Let's find a way to fix that.
This month, a landmark decision was made to cut the amount of food we waste in the United States in half by 2030. Americans currently waste one-third of our food supply each year—that’s 133 billion pounds that currently go to landfills, yielding the third largest source of methane in the US. Not only does this mean wasted money, time, and fuel invested in farming, harvesting, and transporting food that does nothing but harm the environment, but it is also a lost opportunity to use the food in productive ways, like creating energy, enriching farming, or feeding people in need.
This isn’t just an American problem but a global one—the U.N. reports that about one-third of food around the world is wasted, which is equivalent to 750 billion dollars, or the GDP of Switzerland. So, yes, it’s a big problem.
Some have gone rogue, finding innovative ways to tackle the problem. (Read: Taking the trash cans away in a restaurant kitchen, selling nearly expired food or food that doesn’t meet our high aesthetic standards, or even outlawing the act of wasting food.) San Francisco has addressed the problem with legislation that makes composting a city ordinance, and has made significant headway—more than 1.5 tons’ worth. While Americans currently compost only 5 percent of food scraps, the city, with more restaurants than any other in the country, diverted 80 percent of its waste from landfills through the composting initiative. New York City, too, is taking action. Thanks to a voluntary pick-up service and initiatives in the school system, the city diverted 13,000 tons last year and now plans to send zero waste to landfills by 2030.
“To the extent we can ensure that food scraps go to compost rather than the landfill, we will reduce pressure on landfills [and] reduce greenhouse gas emissions, because rotting food creates methane,” explains Jeremy Kranowitz, executive director of Sustainable America. Methane is 23 times as potent as carbon dioxide; that is, it’s far more efficient at trapping heat. While composting material does generate some methane, it’s very little when done properly, and significantly less than in a landfill.
There’s savings to be had, says Kranowitz: “For people that pay for their trash to be picked up at the curb, it will save money, because collection costs will go down.” And scraps, he says, will quickly become nutrient-rich compost that acts as fertilizer, reducing the need to buy soil supplements.
But a widely accepted hierarchy published by the Environmental Protection Agency (EPA) of best-to-worst ways to divert waste that’s already been generated put composting in fourth place in its rank. In essence, the organization recommends feeding humans first, and then feeding animals. If neither can be fed with the excess food, it is to be converted into energy (via an anaerobic digester like this one just outside Disney World). Beyond that, the waste is to be composted, and, as a last resort, sent to a landfill to be incinerated.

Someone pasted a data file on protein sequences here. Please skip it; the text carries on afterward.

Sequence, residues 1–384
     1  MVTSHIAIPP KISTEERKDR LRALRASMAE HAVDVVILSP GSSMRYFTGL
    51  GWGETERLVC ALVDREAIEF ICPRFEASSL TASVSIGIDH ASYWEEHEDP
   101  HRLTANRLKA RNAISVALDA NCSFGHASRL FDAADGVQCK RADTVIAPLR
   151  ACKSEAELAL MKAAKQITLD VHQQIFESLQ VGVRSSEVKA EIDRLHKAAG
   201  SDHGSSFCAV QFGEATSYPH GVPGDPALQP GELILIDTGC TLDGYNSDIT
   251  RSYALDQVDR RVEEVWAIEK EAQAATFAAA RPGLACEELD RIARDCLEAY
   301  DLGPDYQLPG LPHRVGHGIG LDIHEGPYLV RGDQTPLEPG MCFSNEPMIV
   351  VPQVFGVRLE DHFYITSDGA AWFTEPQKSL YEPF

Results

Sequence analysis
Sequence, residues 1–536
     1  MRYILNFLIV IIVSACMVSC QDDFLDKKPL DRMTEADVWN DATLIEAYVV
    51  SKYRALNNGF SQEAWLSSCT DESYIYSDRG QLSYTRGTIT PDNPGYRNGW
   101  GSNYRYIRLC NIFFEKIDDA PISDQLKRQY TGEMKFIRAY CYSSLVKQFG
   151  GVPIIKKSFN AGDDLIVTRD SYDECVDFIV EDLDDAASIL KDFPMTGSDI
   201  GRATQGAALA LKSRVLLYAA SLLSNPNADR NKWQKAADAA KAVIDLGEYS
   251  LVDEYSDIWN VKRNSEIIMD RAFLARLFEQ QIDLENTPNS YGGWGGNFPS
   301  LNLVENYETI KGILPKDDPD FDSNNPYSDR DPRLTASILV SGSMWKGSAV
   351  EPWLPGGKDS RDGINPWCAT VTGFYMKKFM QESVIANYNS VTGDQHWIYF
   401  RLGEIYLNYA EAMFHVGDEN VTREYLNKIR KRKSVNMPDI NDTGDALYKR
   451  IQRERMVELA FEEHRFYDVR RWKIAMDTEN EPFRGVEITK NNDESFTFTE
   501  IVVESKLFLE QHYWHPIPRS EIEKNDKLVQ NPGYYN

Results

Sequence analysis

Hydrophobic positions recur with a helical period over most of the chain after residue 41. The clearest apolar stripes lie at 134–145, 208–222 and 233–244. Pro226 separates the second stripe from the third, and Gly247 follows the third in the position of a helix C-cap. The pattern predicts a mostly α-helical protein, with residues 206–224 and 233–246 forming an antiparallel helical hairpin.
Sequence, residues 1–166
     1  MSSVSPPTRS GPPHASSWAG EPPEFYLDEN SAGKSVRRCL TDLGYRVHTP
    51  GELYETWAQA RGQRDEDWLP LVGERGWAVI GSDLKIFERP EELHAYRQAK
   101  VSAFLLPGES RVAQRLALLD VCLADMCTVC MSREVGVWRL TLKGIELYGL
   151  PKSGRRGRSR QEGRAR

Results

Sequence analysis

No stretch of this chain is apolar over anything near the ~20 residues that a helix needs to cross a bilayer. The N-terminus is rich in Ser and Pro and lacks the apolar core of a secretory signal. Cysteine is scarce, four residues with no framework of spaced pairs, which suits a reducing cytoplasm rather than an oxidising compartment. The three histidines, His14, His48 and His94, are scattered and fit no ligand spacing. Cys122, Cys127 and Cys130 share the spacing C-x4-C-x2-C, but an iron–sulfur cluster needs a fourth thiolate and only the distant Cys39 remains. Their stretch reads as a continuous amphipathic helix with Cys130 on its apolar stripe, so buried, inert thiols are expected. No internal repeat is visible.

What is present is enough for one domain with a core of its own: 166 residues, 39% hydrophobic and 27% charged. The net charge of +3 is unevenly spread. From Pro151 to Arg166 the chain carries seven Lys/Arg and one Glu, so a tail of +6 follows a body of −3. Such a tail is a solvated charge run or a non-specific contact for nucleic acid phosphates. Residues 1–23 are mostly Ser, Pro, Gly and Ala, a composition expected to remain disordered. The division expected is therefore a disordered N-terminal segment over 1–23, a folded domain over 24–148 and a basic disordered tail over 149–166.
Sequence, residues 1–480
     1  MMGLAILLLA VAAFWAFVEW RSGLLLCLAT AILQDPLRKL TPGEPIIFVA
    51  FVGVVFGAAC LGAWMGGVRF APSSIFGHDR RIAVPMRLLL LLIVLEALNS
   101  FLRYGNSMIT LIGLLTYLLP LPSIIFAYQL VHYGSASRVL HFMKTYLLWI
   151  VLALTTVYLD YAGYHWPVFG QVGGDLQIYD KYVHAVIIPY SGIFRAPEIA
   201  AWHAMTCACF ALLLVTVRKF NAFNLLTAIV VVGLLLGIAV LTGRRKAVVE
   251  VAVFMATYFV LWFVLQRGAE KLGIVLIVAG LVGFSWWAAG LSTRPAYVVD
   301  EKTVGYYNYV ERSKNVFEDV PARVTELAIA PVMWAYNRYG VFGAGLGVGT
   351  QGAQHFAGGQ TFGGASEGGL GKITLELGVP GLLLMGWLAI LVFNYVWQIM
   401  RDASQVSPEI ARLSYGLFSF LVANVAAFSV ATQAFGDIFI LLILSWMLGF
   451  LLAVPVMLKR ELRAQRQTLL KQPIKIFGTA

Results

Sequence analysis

The EPA’s emphasis on feeding people with the mass amounts of excess food our country generates is not only good for the environment, but for the 1 in 7 Americans who struggle with food insecurity.
And donors don’t have to worry about liability. “[F]ood that is donated is protected under the Bill Emerson Good Samaritan Act,” explains Kranowitz, pointing to a law designed to encourage restaurants and grocery stores to donate food to non-profits for needy individuals. If that’s not enough, a tax incentive might be convincing.
Kevin Bateman works in a warehouse at an Atlanta food bank where they connect food donations to non-profits who feed individuals. “It’s amazing—if the temperature on a truck is not correct or if any type of produce looks off, a retailer will reject it…There’s so much out there that just isn’t quite right for a store’s quality standards,” explains Holly Royston, charged with food sourcing at Atlanta Community Food Bank. The food bank diverted 30,000 tons of excess food from restaurants, caterers, large distribution companies, and more. “It’s like helping everybody, helping the community [and] the city,” Bateman says. He started at the Food Bank in 2007 through a temp service, but decided to stick around. “I just love what I do.”
Sustainable America is working on a definitive list of organizations that will pick up excess food for donation, like Atlanta Community Food Bank does.
In the meantime, others are jumping in to fill the gap. “We saw an opportunity to apply technology to the problem,” says Emily Malina, co-founder of Spoiler Alert, an app set to launch this fall that connects people with excess food to those who need it. The app was piloted in Massachusetts earlier this year and diverted 10,000 pounds of food in that 6-week period alone. “We were able to move food really quickly—we had transactions happening in just a few minutes.”
Still, for household food waste, composting is a good option, says Kranowitz. “Folks don’t really think that they can compost,” he says, referring to those who worry about lacking space or an odor. “Even if you live in a small apartment, you can still compost and vastly reduce the amount of waste.”
Kranowitz talks about the way our cultural norms around car safety have evolved over the years—where a seatbelt was once optional, it’s now a mandate widely practiced—and how our treatment of food waste should evolve too. “Some of these efforts [like legislation] start to get us to the point where we say ‘Of course these food scraps are going to go into the compost bin,’” he says.
“It’s about creating that cultural norm.”